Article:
And the best way to view their records is via the wonderful films of the FHC
nearest you. Just about all the most important manuscripts in the
Genealogical Office are on film at the FHC and can be ordered from Salt Lake
City. Below is the webpage for their catalogue online. Do a Place search
and enter 'Ireland' as the place. Then go to the records for 'Probate
records' and you will find a dizzying array of Irish will extracts available
on film.
Of course the films cannot be ordered online but require a personal visit to
a FHC first to order the film you need and then to read it.

An important publication which includes P. Beryl Eustace's index of Will
abstracts in the Genealogical Office is 'A Guide to the Genealogical Office,
Dublin' by John Greenham and published in 1998. I obtained my copy of this
book by writing to the National Library of Ireland book shop:

However many of the manuscripts of the Genealogical office of Ireland,
including the will abstracts have been indexed on a marvelous CD compiled by
Virginia Wade McAnlis. I obtained my copy by writing directly to the
author: Virginia Wade McAnlis, 82 Gunn Road, Port Angeles, WA 98362 -9108,
USA, Email: .

Some of the most important of the Will abstracts available are the Betham
Will Extracts (Sir William Betham was a Chief Herald of Ireland in the first
half of the 19th century.) These are available on LDS Film #100103 - 100112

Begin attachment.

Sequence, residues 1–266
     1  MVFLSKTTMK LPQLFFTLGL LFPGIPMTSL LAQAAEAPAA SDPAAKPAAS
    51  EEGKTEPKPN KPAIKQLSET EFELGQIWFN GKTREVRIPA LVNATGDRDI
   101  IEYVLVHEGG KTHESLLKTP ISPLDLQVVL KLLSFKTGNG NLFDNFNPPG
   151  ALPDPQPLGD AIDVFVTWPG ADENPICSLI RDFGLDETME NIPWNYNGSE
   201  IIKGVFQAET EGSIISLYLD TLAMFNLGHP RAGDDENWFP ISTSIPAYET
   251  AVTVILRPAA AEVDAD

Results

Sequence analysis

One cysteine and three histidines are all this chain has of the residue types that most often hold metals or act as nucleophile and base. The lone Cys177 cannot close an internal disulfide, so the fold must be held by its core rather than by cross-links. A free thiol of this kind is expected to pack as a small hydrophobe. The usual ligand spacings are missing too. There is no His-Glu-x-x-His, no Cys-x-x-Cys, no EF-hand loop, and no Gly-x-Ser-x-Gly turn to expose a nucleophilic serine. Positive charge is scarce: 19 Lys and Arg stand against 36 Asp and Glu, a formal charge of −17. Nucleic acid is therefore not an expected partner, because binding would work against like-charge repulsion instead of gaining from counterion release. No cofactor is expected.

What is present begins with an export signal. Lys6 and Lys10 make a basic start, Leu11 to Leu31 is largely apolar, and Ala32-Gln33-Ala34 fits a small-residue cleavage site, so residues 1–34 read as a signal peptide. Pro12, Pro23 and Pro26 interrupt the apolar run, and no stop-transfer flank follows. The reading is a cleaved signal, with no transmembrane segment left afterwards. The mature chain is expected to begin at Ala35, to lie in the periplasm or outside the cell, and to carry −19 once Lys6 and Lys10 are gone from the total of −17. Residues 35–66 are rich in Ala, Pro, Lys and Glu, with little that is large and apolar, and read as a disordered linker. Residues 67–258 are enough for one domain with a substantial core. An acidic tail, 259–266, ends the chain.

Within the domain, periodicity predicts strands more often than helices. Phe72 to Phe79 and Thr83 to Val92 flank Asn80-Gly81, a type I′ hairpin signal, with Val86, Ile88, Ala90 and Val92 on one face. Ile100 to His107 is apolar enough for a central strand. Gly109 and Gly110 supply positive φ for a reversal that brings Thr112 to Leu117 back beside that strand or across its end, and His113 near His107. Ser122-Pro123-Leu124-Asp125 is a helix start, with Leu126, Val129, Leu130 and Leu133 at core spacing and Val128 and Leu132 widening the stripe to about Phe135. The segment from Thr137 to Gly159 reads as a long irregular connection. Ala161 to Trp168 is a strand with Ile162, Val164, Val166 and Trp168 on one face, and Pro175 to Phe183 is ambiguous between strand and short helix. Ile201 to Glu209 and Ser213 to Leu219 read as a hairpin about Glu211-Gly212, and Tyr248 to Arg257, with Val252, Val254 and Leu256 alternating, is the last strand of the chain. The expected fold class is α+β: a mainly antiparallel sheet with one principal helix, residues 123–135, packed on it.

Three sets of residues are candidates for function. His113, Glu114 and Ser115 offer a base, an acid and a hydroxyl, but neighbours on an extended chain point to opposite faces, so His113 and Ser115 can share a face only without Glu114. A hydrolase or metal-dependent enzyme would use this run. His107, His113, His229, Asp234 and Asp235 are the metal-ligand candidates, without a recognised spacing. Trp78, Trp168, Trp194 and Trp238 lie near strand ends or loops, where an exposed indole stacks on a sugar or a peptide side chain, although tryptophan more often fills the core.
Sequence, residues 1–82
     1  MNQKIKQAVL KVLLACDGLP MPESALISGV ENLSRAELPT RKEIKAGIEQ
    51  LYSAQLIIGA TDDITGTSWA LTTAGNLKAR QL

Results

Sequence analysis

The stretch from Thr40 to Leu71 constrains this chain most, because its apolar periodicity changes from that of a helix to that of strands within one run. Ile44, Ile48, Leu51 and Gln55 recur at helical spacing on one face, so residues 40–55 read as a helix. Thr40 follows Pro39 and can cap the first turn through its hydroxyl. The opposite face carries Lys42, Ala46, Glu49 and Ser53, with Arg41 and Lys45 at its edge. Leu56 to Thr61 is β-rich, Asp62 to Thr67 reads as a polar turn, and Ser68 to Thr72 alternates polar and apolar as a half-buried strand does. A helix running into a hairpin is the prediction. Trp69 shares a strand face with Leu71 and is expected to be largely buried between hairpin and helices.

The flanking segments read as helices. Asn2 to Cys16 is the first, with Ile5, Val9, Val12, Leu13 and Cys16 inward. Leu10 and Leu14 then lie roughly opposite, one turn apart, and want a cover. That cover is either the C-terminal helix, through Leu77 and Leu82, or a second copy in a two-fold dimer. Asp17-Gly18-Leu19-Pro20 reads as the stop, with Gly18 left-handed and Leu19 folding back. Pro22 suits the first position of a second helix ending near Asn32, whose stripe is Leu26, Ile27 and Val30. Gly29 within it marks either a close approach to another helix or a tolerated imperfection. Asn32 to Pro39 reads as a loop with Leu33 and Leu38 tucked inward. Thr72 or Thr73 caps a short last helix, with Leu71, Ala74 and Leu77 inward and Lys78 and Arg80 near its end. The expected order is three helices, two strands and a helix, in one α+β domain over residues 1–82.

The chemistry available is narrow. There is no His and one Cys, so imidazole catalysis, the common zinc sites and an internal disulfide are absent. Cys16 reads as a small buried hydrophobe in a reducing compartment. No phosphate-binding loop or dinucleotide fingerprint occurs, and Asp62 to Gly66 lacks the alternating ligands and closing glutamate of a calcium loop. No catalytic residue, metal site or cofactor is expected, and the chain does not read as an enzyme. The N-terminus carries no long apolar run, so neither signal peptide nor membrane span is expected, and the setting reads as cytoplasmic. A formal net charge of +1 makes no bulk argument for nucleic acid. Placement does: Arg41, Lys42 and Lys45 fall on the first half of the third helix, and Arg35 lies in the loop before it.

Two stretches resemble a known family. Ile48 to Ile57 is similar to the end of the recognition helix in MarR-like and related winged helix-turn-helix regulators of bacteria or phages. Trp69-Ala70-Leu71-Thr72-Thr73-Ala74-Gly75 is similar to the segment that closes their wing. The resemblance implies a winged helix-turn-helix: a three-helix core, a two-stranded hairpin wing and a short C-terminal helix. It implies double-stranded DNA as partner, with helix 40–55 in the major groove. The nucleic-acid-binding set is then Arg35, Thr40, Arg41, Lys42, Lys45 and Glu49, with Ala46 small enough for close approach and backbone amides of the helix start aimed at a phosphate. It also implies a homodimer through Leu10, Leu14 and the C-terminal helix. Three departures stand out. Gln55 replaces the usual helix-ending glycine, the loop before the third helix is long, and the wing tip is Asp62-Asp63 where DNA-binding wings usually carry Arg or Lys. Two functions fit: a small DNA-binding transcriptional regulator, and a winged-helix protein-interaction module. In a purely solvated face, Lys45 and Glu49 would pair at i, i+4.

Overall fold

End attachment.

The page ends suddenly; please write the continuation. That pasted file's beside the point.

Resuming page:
and indexed on the McAnlis CD.
Others are the Burkes' wills: LDS Films #227867 - #277900
and the genealogical abstracts by Gertrude Thrift starting with LDS Film
#2214981, both with indexes.

There is another 'super index' to available Irish wills by Bangerter et al
on LDS Film # 1145963, 64, 65 and 1145972
Index films for all the Genealogical Office records, which includes wills,
is also on LDS Film #0100103 item 1 and film #0100223 item 5

And a final source of wills that I will deal with here are the Registry of
The vast majority of these films from the LDS church collection are actually
deeds relating to the lease of land. However as you go through the indexes,
every now and again you will see an entry such as 'Thomas Jones His will.'
If you have the luck to find one of these deeds for your ancestor, it is as
good as finding the original will. You have only to write down the index
number written beside the entry and then order the appropriate film from the
same LDS collection to obtain a copy of the will.

Kae Lewis

> From: "Jan Fortado" <>
> Date: Sunday, May 16, 2004 6:34 PM
> To:
> Subject: question on which LDS film to order
> I need to follow up on an LDS film for a will of a Denis Gallagher from Co.
> Cork. Although I realize most wills burned, I also know that if there was
> information in a will pertaining to land, copies of these will exist
> somewhere else. About ten years ago I followed the process for finding such
> a will, but I can't remember how I did that.
> The information I have from an LDS film is that Denis Gallagher from
> Boherash, Co. Cork, had a will filed in 1811. It was in BAy 1A, Tray 28,
> Number 5.
> Does anyone recall what the next step is for me to see if there is still a
> copy of the will? I know the bay, tray and number are significant.
> Thank you for any help.
> Jan